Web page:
Percutaneously inserted stent-grafts have also been used for the repair of traumatic injuries. For example, a paper by Dr. Vinay Kumar (“Endovascular treatment of penetrating injury of axillary vein with Viabahn endoprosthesis,” Journal of Vascular Surgery, December 2004, pp. 1243-1244) describes repairing a knife wound of an axillary vein by delivering the endoprosthesis to the injured site via the basilic vein. Deployment of the device at the injury site resulted in immediate control of hemorrhage.
WO99/65420 describes a restraining cover for retaining a self-expandable endoprosthesis in its compacted, small diameter state prior to deployment. The cover has opposing ends that are separately releasable (allowing separate deployment of the two opposing ends of the contained endoprosthesis), with deployment of the individual ends of the contained endoprosthesis initiated by the application of tension to separate rip cords that release from the center of the length of the cover. WO98/27894 teaches a stent-graft that is deployable beginning from the middle of the length of the device and progressing simultaneously toward both ends.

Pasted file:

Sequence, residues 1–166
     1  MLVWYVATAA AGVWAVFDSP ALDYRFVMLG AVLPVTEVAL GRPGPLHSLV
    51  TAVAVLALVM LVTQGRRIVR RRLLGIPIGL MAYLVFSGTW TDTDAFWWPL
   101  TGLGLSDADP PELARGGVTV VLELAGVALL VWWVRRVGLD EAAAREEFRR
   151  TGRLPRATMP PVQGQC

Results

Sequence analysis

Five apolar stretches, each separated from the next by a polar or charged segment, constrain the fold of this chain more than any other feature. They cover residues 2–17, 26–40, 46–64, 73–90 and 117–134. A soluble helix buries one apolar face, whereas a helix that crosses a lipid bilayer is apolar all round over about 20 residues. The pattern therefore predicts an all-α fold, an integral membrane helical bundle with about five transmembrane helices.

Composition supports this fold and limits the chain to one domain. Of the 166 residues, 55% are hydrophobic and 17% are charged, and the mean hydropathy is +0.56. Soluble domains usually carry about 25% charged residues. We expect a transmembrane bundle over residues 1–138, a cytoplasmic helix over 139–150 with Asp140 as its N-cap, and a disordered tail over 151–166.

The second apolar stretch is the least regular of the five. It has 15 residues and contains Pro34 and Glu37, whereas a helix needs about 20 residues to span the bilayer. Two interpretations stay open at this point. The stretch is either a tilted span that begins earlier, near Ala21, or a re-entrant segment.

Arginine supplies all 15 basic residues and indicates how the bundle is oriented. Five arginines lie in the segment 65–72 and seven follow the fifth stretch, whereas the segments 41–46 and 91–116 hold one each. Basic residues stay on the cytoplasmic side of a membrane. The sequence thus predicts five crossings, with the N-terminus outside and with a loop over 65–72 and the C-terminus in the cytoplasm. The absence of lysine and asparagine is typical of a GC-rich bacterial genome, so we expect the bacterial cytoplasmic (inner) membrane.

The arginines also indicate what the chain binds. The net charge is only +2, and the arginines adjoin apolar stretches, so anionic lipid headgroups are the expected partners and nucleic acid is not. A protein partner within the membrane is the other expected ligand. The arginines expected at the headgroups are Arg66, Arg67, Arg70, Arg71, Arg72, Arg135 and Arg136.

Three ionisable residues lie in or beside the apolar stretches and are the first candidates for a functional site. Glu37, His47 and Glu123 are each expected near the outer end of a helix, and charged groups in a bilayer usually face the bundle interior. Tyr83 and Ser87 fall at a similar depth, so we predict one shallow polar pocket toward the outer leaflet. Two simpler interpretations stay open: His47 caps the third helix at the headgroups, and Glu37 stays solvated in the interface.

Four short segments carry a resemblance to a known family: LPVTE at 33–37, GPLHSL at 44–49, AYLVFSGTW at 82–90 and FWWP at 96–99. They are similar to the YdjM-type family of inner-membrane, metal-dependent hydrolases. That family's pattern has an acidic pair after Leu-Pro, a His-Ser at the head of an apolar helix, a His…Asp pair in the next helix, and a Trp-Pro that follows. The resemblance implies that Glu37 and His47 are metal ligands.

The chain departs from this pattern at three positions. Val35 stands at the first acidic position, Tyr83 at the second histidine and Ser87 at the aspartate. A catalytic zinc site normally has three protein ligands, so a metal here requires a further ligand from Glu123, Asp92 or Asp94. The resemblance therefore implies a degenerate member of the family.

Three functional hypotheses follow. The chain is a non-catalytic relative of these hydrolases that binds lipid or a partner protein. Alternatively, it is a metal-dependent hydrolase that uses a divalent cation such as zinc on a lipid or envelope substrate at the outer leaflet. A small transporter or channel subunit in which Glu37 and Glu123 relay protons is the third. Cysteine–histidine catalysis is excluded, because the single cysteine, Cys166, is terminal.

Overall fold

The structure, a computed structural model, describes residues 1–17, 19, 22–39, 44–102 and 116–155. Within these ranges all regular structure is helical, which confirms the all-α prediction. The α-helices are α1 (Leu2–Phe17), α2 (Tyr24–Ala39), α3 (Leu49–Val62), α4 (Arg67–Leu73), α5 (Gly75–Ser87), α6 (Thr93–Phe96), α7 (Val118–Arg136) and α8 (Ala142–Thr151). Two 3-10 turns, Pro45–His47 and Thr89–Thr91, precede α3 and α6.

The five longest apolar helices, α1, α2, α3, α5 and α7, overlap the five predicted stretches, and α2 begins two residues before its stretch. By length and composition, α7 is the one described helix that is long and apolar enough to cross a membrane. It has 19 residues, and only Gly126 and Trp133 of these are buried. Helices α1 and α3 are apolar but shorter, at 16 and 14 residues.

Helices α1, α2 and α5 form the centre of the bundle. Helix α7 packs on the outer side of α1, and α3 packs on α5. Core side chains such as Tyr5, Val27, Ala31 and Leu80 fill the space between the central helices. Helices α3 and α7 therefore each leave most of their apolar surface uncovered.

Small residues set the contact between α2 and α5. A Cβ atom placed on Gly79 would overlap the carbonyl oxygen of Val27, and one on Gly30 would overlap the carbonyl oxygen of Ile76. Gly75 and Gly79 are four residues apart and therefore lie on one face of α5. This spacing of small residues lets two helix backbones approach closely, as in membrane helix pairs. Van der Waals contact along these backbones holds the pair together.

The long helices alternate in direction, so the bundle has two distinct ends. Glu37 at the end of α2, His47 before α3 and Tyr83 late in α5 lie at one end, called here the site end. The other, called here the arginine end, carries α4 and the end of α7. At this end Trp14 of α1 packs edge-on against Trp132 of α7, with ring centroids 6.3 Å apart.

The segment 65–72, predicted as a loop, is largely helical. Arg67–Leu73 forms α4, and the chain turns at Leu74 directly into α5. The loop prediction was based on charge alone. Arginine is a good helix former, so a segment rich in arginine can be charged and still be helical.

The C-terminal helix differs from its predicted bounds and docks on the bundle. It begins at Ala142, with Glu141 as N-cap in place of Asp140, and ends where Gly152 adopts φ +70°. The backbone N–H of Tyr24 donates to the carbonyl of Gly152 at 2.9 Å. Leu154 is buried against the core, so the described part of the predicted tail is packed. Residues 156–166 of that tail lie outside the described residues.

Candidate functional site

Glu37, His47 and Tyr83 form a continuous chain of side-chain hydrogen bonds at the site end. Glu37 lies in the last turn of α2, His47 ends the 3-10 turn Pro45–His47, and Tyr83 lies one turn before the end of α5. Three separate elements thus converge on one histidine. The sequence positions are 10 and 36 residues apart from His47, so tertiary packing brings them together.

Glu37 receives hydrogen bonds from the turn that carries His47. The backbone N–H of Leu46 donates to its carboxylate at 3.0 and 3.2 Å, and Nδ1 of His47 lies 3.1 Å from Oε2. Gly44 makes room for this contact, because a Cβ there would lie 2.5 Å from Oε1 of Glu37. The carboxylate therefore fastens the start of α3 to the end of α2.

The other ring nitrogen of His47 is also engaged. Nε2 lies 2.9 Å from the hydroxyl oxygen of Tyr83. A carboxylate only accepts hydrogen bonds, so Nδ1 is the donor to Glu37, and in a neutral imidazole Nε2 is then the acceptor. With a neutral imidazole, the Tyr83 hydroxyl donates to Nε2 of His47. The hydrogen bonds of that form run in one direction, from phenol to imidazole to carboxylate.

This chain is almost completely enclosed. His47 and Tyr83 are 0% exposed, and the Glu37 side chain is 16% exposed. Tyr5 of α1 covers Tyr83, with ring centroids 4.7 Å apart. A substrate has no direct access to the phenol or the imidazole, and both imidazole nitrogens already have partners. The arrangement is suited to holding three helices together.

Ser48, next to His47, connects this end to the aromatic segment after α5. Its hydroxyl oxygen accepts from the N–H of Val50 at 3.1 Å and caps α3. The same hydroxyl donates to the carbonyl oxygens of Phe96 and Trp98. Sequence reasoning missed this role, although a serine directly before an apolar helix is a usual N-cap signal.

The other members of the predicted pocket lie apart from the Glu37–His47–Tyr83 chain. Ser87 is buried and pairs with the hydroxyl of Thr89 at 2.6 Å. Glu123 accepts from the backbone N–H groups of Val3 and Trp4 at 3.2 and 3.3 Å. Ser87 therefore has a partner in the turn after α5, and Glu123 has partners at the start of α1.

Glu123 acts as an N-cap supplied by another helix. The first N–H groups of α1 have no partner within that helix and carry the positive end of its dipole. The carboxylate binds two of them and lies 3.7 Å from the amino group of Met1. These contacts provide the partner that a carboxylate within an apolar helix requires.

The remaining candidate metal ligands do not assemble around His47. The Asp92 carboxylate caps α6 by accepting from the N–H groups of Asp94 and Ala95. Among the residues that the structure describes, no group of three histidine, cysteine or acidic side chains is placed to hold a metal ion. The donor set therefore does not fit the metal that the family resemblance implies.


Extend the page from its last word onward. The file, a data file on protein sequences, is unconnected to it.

U.S. Pat. No. 3,221,746 to Noble teaches the use of an anastomotic connector useful for the repair of severed tubular canal members, regardless of whether the severing is the result of accident, illness or surgery. U.S. Pat. No. 4,721,109 to Healey describes a temporary anastomotic device for maintaining blood flow in damaged blood vessels. Greenhalgh, in US Patent Application Publication 2002/0087176 discusses a tubular support intended as an anastomosis device for veins and arteries, the device comprising a tubular braided structure of elastic filamentary fibers optionally including an elastomeric membrane covering over the tubular braided structure.